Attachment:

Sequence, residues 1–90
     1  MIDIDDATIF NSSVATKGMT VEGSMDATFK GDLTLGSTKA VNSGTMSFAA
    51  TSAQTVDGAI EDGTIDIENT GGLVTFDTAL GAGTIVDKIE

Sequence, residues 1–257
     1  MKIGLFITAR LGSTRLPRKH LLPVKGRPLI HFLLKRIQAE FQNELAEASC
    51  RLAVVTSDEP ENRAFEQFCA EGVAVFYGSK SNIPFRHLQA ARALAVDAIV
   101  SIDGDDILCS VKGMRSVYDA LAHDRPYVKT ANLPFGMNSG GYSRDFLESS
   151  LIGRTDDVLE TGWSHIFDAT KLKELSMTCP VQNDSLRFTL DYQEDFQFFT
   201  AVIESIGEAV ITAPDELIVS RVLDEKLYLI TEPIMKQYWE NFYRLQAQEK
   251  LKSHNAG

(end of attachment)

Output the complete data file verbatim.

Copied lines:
Sequence, residues 1–90
     1  MIDIDDATIF NSSVATKGMT VEGSMDATFK GDLTLGSTKA VNSGTMSFAA
    51  TSAQTVDGAI EDGTIDIENT GGLVTFDTAL GAGTIVDKIE

Sequence, residues 1–257
     1  MKIGLFITAR LGSTRLPRKH LLPVKGRPLI HFLLKRIQAE FQNELAEASC
    51  RLAVVTSDEP ENRAFEQFCA EGVAVFYGSK SNIPFRHLQA ARALAVDAIV
   101  SIDGDDILCS VKGMRSVYDA LAHDRPYVKT ANLPFGMNSG GYSRDFLESS
   151  LIGRTDDVLE TGWSHIFDAT KLKELSMTCP VQNDSLRFTL DYQEDFQFFT
   201  AVIESIGEAV ITAPDELIVS RVLDEKLYLI TEPIMKQYWE NFYRLQAQEK
   251  LKSHNAG